How to Network in College

What Students Need to Know About Networking in CollegePicture yourself working in your dream role at an ideal company. Now, picture yourself thriving in that role and exceeding all of the expectations set before you. Returning to reality, there’s a question that needs to be discussed: How did you get into that ideal role? Most people can imagine themselves in a new position, but can’t visualize the process of getting to that perfect career. While no one can predict the future, it’s likely that you didn’t get to that dream role completely alone.

There’s a good chance you’ll need help from others to reach your position in the future. This help may come in the form of positive recommendations, expedited interview processes, and an abundance of other employment opportunities. Making connections with people can also allow you to unlock job opportunities after college that you didn’t even know existed. Before you launch into college networking, you must understand what it is, why it’s important, and how to start.


What is career networking?

Career networking is also known as professional networking. It is the process of building connections and utilizing them to help you reach your career goals. These connections can be friends you made during your college experience, colleagues you’ve met in your profession, or past professors. Even a family member who knows of a potential opportunity for you can be considered a professional connection.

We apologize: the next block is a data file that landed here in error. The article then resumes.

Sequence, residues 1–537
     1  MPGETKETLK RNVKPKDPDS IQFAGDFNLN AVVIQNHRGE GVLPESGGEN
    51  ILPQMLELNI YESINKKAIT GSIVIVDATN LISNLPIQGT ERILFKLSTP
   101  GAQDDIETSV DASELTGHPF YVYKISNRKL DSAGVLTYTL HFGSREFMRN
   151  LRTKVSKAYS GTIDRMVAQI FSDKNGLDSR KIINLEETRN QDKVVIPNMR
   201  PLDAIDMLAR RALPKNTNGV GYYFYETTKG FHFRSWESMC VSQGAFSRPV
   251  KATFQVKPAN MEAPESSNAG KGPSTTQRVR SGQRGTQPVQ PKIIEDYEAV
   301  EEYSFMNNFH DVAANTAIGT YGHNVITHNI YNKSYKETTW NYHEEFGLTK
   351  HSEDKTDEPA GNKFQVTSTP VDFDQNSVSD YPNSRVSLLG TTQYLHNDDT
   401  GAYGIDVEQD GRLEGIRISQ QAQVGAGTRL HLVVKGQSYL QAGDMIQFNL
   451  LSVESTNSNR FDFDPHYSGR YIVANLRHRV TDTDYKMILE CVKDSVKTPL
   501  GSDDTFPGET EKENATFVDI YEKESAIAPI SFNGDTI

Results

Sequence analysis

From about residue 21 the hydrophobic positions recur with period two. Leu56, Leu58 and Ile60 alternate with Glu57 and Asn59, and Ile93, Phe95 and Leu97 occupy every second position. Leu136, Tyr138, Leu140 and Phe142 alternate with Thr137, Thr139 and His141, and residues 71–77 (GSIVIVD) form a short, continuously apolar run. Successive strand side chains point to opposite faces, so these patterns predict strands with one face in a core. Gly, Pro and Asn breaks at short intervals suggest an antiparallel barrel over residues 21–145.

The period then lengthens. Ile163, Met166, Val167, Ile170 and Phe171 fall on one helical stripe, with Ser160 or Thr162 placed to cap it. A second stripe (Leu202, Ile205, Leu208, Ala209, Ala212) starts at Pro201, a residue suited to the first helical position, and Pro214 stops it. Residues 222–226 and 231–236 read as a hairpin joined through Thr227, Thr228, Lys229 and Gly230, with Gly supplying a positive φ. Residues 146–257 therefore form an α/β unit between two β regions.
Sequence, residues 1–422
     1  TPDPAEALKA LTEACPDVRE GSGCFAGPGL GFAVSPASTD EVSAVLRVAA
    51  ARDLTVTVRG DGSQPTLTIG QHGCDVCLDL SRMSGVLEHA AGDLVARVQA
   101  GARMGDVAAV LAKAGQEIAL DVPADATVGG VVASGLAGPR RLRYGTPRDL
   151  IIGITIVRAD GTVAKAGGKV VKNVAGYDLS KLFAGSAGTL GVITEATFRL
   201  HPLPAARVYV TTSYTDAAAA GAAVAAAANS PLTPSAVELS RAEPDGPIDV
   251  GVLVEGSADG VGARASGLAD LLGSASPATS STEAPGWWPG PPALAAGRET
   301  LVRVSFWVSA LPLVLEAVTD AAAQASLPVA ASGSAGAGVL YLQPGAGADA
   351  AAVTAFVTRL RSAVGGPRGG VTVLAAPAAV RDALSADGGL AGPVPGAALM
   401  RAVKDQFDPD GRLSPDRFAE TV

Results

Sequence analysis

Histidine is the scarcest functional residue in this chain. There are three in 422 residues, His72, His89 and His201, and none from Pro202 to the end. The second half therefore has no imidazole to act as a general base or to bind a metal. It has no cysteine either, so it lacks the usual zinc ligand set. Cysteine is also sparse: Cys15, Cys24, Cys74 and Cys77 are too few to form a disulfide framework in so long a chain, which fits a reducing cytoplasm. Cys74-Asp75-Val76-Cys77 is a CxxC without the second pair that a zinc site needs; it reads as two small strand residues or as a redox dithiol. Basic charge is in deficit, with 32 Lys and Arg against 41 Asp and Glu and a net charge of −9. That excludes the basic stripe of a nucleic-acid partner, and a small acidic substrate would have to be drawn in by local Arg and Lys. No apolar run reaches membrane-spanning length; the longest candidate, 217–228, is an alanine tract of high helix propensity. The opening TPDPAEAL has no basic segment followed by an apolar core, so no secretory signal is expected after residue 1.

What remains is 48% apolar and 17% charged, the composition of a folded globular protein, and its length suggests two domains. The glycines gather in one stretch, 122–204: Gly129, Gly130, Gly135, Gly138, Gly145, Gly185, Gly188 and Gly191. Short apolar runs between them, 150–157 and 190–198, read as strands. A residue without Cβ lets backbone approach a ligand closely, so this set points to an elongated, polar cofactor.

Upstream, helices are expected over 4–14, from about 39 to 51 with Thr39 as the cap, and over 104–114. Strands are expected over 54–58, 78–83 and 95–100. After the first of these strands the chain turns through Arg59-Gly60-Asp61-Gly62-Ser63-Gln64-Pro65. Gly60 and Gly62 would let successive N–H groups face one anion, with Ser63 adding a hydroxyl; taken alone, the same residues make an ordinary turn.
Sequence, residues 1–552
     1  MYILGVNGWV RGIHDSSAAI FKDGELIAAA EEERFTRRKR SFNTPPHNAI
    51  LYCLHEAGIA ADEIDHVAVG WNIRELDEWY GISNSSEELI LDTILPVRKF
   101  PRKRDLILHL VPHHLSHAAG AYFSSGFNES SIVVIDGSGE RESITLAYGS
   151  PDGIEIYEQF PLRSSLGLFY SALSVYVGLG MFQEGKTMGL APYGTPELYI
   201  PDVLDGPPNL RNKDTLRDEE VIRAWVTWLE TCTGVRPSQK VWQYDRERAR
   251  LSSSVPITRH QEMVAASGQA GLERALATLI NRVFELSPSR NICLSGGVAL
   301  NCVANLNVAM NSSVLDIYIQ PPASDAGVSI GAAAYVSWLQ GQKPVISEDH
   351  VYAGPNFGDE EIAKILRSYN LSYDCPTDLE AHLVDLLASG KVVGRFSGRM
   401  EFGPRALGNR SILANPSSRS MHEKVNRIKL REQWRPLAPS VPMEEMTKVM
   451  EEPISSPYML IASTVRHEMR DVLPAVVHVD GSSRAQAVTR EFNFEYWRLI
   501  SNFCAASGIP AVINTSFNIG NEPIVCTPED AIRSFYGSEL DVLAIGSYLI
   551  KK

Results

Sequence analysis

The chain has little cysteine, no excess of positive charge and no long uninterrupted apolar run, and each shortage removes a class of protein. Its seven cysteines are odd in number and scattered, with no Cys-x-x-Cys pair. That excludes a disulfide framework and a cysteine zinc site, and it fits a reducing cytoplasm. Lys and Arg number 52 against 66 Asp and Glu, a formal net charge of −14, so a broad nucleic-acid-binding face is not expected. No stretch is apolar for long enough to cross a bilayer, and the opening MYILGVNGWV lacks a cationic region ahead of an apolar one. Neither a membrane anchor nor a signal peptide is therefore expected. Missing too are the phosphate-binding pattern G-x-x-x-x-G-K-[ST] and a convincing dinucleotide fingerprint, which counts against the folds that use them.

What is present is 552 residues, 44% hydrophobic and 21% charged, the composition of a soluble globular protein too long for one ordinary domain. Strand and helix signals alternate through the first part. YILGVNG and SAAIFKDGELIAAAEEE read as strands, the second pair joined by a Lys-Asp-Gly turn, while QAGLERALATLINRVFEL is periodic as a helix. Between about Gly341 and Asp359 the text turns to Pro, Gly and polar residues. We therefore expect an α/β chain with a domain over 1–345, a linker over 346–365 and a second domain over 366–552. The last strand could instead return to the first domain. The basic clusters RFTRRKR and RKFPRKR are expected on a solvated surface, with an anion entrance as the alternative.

A new connection could help you find a job, identify resume mistakes, introduce a new career path, or aid in the development of leadership skills. The importance of networking is that it is a mutually beneficial relationship. This relationship is a platform for you to receive information and opportunities directly from your connection. You’ll also get to share career advice, insight, and opportunities with others in the process. Eventually, this correspondence may help you advance in your career. 


Why is networking important?

Expanding your network is important because it forms a connection to others in your industry or area. Having fruitful conversations with other people could spark insights that you may not have come up with on your own. Besides that, it can lead you to a diverse range of opportunities. Your network could even help you apply for an internship at a company that you thought wouldn’t be possible. 

Another benefit of networking is that it is extremely useful during the hiring process. For example, there are two candidates for a job. The first candidate has the appropriate qualifications for the job and the employer knows her. The second candidate is just as qualified as the first candidate, but the employer doesn’t know him. Which one would you pick?  There’s a greater chance that the first candidate is picked because the employer already has a working relationship with her. 

In addition, open positions at companies you’re interested in may not be posted to the public right away. These job opportunities are referred to as the hidden job market. As a job-seeker, you’ll only ever hear about these hidden jobs if you know someone in the company. Sometimes, the job postings may even be public. Having ties with people in different companies will boost your chance of winning any open positions.


How do you network?